Predicting hot-electron free energies from ground-state data

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<oai_dc:dc xmlns:dc="" xmlns:oai_dc="" xmlns:xsi="" xsi:schemaLocation="">
  <dc:creator>Ben Mahmoud, Chiheb</dc:creator>
  <dc:creator>Grasselli, Federico</dc:creator>
  <dc:creator>Ceriotti, Michele</dc:creator>
  <dc:description>Machine-learning potentials are usually trained on the ground-state, Born-Oppenheimer energy surface, which depends exclusively on the atomic positions and not on the simulation temperature. This disregards the effect of thermally excited electrons, that is important in metals, and essential to the description of warm dense matter. An accurate physical description of these effects requires that the nuclei move on a temperature-dependent electronic free energy. We propose a method to obtain machine-learning predictions of this free energy at an arbitrary electron temperature using exclusively training data from ground-state calculations, avoiding the need to train temperature-dependent potentials, and benchmark it on metallic liquid hydrogen at the conditions of the core of gas giants and brown dwarfs. This Letter demonstrates the advantages of hybrid schemes that use physical consideration to combine machine-learning predictions, providing a blueprint for the development of similar approaches that extend the reach of atomistic modeling by removing the barrier between physics and data-driven methodologies.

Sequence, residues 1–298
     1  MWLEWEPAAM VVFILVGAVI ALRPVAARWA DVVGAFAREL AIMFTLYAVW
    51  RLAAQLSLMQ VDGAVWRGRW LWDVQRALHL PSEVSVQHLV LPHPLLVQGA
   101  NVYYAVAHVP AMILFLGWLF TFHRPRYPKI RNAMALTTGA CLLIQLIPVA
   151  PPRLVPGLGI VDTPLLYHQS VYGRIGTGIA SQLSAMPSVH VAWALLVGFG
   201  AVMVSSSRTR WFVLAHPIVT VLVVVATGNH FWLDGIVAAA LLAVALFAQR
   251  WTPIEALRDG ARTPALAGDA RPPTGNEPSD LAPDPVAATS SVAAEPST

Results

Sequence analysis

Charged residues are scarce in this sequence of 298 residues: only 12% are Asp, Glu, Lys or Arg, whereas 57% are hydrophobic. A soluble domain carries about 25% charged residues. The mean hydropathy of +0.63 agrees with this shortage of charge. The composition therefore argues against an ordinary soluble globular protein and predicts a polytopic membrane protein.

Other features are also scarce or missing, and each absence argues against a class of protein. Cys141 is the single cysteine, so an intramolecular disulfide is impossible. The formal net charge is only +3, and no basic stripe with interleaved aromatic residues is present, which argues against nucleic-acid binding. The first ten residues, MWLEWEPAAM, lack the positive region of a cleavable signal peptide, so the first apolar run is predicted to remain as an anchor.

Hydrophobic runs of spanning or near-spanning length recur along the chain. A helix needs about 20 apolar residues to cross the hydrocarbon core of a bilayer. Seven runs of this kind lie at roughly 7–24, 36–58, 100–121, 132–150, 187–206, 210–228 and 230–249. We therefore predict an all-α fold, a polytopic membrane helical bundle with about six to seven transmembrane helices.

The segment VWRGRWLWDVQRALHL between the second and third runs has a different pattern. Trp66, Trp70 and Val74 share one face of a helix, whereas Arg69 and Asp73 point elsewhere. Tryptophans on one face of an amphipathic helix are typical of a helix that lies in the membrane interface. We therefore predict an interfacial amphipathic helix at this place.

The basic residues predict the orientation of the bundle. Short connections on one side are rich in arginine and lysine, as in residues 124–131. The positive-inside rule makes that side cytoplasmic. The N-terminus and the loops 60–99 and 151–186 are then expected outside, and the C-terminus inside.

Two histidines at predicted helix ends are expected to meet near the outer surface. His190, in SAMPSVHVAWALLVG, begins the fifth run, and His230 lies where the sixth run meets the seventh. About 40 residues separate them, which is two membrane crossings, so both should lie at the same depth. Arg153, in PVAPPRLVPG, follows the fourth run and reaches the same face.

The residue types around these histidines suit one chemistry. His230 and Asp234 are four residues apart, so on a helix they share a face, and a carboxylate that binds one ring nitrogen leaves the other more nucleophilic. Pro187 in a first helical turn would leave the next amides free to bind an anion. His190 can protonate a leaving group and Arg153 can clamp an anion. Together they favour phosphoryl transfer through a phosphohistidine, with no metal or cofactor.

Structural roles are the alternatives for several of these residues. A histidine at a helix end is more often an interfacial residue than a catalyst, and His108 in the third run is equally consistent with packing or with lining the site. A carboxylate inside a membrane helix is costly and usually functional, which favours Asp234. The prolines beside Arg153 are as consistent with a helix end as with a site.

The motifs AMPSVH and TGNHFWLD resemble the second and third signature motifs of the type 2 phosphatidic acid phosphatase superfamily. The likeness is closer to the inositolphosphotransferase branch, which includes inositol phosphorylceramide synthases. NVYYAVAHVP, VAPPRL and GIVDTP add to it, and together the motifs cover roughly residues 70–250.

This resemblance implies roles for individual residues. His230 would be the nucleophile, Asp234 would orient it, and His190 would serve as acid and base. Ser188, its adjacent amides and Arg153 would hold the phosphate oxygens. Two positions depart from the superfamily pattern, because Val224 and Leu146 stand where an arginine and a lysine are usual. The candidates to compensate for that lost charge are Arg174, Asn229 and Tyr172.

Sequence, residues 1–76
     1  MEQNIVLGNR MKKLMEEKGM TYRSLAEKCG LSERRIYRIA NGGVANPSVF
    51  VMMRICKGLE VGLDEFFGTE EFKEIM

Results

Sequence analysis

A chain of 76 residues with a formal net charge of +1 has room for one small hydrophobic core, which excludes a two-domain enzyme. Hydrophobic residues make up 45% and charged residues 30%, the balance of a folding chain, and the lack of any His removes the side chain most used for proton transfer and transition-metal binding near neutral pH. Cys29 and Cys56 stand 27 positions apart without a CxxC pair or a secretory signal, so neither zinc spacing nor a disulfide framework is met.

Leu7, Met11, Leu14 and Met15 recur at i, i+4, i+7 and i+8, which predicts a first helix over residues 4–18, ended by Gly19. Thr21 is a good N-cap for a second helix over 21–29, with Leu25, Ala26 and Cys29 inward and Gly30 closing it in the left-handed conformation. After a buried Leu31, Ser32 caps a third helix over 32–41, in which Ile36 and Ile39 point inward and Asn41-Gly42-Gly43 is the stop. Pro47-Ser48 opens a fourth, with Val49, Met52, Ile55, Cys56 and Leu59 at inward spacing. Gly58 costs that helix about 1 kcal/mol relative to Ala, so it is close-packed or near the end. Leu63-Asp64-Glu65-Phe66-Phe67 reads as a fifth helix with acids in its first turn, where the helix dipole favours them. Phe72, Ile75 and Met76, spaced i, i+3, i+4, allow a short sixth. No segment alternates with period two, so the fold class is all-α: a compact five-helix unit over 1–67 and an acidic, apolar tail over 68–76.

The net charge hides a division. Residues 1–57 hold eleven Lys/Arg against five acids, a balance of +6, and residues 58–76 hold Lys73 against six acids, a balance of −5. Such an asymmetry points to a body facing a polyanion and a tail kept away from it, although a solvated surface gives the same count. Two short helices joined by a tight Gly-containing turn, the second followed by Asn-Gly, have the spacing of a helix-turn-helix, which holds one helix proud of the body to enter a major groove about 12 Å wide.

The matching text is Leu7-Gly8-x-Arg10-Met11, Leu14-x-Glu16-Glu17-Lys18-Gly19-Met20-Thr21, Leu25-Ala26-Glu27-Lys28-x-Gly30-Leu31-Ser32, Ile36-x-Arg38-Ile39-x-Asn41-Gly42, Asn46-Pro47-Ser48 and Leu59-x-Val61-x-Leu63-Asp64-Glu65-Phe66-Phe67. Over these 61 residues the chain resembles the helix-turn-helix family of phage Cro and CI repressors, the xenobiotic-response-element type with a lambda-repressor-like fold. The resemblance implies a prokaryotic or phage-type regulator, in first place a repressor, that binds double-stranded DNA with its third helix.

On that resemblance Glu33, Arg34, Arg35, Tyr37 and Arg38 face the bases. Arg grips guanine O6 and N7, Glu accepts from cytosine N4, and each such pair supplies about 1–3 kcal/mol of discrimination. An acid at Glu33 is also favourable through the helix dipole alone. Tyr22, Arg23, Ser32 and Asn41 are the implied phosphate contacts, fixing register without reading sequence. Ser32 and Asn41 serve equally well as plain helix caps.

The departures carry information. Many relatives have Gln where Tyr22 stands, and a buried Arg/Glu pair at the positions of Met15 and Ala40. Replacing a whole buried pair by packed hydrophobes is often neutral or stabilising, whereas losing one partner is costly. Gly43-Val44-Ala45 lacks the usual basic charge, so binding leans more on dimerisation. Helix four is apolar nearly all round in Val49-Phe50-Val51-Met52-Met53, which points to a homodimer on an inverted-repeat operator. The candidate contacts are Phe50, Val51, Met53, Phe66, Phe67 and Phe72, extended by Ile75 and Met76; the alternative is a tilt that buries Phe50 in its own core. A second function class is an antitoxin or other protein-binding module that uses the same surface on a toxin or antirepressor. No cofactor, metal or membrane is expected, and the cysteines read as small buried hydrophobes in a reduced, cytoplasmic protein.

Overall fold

This record contains the raw outputs of the DFT calculations done on the training set. These files are denoted by the "training set folder #*" description. The record also contains a minimal working example showing the ML workflow for training the data and how to run the MD simulations. We include the training data in the format of XYZ files for the structures and NumPy arrays for the DFT energies, forces and DOS. We also provide a Chemiscope visualisation file of the training set.</dc:description>
  <dc:publisher>Materials Cloud</dc:publisher>
  <dc:rights>Creative Commons Attribution 4.0 International</dc:rights>
  <dc:subject>Marie Curie Fellowship</dc:subject>
  <dc:subject>liquid hydrogen</dc:subject>
  <dc:subject>warm dense matter</dc:subject>
  <dc:subject>hot electrons</dc:subject>
  <dc:subject>machine learning</dc:subject>
  <dc:title>Predicting hot-electron free energies from ground-state data</dc:title>